Ghastly has become sadly unfashionable as a word. Is there anyone, even the oldest old lady, who still proclaims more or less everything to be ghastly, from the propensity of actors in BBC dramas to mumble, to the lack of parking in the Old Town? Is there still anyone who, when asked tenderly how they are feeling, feebly mutters ghastly! as they nurse their hangover, cold, or stubbed toe? Is there any way we can use ghastly without sounding at least hundred-and-six years old? Well, we can still use it to mean pale-faced (I've always associated ghastly in this sense with ghostly, and that similarity is not entirely a coincidence). Best of all, I think, is to go back a couple of hundred years and use ghastly to mean in a horrible or hideous manner. So that's got the Eurovision Song Contest sorted, hasn't it. Thing Not To Be Today: ghastly. This word comes from the Old English gāstlīc, spiritual, which is related to gāst, which gives us ghost, and goes right back to the Sanskrit hēda, fury or anger.
There are still some people of the ancient Roman Empire around: Skeleton at Fishbourne, West Sussex. photo by Jaguar though I have to admit that none of them are exactly perky. Modern Romans, i.e. people who live, or were born, in the city of Rome, are much friskier: the Roman Isabella Rossellini (with David Lynch (though he was born in Montana)) There are also Roman Catholics, who can come from anywhere (the Pope comes from Argentina). Then there are Roman arches, blinds, candles, collars, noses, numerals, and snails: photo of Helix pomatia by Hsp90 But of course you don't need to look out for any of those because two different roman things have been dancing all the time before your eyes: this post is written in the roman alphabet and (except for the italics) it's also written in roman type. Extra points if you can think of a roman (a French mediaeval verse narrative), a roman à clef (a novel in which real people are depicted under pseudonyms) or a roman-fleuve (novel or series of novels about a group of people over several generations). Spot the Frippet: something roman. The word roman means to do with Rome, of course, and the city was called after its founder and first king Romulus...unless, as some say, it was the other way round and Romulus was named after Rome. In that case the Rome comes from Rumon, the old name for the River Tiber; the Etruscan ruma, which is to do with teats (upon which Romulus and his twin sucked after they were adopted by a wolf); or from the Greek rhōmē, which means strength.
This is an important word. I don't deny that. If it didn't exist then doctors would have to coin a word that meant the same thing. Both bits of the word are impeccably Greek, too: it's not a lumpy Greek/Latin hybrid like, say, the word television*. And it's easy enough to pronounce. So what's wrong with it? Well, the fact that it doesn't mean to do with the stomach, as anyone might think, but to do with the mouth.
photo by Donarreiskoffer It's all very well the doctors showing off their Greek, but, good grief, it would have been nice if all that medical lot had noticed that most of us have been talking English for a while, here. Pah! Word Not To Use Today: stomatology. Stoma means mouth in Ancient Greek. The logy bit comes from the Greek logos, which means word.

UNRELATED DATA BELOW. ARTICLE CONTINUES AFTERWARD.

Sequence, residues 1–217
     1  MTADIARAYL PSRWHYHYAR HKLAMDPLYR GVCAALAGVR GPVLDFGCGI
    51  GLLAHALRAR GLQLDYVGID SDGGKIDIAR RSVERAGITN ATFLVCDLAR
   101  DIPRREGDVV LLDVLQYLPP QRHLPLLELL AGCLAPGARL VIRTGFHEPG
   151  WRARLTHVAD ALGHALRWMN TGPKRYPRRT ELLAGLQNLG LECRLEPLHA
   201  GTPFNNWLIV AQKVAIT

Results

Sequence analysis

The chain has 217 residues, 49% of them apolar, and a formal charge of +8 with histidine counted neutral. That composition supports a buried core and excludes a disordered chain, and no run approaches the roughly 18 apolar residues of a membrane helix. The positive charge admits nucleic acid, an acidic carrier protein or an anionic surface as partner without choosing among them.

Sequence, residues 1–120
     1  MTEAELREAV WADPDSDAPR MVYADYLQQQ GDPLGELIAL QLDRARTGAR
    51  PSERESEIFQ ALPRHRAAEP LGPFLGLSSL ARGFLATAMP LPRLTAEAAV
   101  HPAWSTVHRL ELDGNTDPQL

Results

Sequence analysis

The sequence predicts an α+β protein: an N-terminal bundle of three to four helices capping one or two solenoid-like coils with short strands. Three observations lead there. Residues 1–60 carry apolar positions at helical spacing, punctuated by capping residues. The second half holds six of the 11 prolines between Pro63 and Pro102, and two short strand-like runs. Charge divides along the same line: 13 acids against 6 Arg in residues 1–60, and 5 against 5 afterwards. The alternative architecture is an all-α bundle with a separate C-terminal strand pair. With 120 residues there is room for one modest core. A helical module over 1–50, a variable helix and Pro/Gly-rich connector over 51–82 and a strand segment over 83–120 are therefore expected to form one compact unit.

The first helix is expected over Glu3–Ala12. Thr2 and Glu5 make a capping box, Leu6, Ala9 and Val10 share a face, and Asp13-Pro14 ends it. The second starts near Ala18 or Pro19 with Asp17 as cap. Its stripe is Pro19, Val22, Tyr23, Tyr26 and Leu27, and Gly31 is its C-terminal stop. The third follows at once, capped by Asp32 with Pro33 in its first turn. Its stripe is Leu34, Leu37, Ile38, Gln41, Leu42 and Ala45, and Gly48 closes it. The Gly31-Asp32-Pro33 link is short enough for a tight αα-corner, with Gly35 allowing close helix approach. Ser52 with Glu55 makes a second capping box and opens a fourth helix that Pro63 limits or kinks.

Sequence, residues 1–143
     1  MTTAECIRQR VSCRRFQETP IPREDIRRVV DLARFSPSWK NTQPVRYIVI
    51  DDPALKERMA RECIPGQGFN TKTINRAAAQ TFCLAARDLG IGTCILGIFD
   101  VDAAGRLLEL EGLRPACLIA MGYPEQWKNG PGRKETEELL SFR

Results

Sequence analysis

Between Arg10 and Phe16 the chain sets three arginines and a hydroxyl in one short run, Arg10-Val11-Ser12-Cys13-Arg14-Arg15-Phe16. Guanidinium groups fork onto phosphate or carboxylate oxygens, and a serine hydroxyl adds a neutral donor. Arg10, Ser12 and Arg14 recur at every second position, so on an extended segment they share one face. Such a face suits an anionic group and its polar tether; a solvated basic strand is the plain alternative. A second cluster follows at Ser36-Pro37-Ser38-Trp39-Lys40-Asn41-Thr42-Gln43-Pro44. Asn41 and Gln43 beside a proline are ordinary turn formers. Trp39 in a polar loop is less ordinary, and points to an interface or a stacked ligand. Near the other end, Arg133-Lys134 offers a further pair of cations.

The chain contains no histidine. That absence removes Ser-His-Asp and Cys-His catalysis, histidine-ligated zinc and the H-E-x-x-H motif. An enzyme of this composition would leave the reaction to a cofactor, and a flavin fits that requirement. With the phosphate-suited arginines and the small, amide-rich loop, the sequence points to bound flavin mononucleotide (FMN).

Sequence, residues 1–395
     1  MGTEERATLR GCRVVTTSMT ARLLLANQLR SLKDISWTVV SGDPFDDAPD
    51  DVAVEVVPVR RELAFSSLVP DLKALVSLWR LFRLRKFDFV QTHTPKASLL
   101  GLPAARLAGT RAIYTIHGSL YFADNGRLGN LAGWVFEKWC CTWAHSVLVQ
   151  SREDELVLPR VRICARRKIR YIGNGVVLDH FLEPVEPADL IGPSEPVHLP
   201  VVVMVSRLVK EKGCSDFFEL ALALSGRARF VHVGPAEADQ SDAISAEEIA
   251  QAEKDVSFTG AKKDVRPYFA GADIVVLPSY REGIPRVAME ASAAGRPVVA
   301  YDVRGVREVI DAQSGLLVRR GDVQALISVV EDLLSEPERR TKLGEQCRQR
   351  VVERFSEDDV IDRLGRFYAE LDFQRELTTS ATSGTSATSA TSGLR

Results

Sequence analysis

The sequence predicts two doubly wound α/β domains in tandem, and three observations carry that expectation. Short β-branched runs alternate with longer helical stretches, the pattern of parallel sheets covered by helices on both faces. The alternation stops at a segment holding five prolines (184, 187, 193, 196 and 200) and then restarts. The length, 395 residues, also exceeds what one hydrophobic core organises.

*Not that I have any objection in practice to hybrid words. I mean, in the case of television, an all-Greek version might have given us telescope, which would have been confusing. Though I suppose an all-Latin version, perhaps something like longivision, would have worked. Actually, I quite like longivision.
All novels are experimental, said Anthony Burgess, who was born a hundred years ago today. It's not quite true, but it's a nice idea, and perhaps they should be. I'm very fond of, and recommend, Burgess's lovely Enderby Books, but Anthony Burgess is most famous for having written the novel upon which the film A Clockwork Orange was based. This is what he said about it: The book I am best known for, or only known for, is a novel I am prepared to repudiate: written a quarter of a century ago, a jeu d'esprit knocked off for money in three weeks, it became known as the raw material for a film which seemed to glorify sex and violence. The film made it easy for readers of the book to misunderstand what it was about, and the misunderstanding will pursue me till I die. I should not have written the book because of this danger of misinterpretation. There we are: a clear and convincing explanation, in the beautiful prose that's representative of Burgess's work. Burgess is instinctively humane and often funny, but above all, I think, elegant. Here's a bit from that book he repudiates as a knocked-off jeu d'esprit: The trombones crunched redgold under my bed, and behind my gulliver the trumpets three-wise silverflamed, and there by the door the timps rolling through my guts and out again crunched like candy thunder. Oh, it was wonder of wonders. And then, a bird of like rarest spun heavenmetal, or like silvery wine flowing in a spaceship, gravity all nonsense now, came a violin solo above all the other strings, and those strings were like a cage of silk around my bed. Then flute and oboe bored, like worms of like platinum, into the thick toffee gold and silver. I was in such bliss, my brothers. So just imagine what Burgess can do when he's actually trying... Word To Use Today: gulliver. A lot of the made-up words in A Clockwork Orange are based on Russian (he also knew Malay, French, German, Spanish, Italian, and Welsh, as well as some Hebrew, Japanese, Chinese Swedish and Persian). Gulliver here means head, and comes from the Russian golová.